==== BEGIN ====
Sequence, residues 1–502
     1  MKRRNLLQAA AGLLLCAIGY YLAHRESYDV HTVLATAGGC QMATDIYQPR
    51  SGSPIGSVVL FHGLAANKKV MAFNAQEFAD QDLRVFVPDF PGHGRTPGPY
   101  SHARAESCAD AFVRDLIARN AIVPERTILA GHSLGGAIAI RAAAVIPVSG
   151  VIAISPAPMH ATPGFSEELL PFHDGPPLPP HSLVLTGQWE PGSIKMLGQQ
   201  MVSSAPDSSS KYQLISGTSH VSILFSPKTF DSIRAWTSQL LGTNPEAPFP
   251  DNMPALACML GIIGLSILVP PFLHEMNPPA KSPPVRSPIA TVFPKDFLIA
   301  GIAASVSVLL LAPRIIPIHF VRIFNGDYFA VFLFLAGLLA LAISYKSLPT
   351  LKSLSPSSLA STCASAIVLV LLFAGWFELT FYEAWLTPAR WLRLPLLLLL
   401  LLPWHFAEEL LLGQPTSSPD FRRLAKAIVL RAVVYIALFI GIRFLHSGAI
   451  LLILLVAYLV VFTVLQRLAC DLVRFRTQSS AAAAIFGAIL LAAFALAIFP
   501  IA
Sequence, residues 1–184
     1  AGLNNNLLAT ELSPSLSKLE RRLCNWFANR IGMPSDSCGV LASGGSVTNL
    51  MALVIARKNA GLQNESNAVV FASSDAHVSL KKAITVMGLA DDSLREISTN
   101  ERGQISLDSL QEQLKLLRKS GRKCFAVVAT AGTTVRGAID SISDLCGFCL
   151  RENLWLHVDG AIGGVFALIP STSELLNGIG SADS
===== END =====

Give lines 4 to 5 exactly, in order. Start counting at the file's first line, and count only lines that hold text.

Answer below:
   101  SHARAESCAD AFVRDLIARN AIVPERTILA GHSLGGAIAI RAAAVIPVSG
   151  VIAISPAPMH ATPGFSEELL PFHDGPPLPP HSLVLTGQWE PGSIKMLGQQ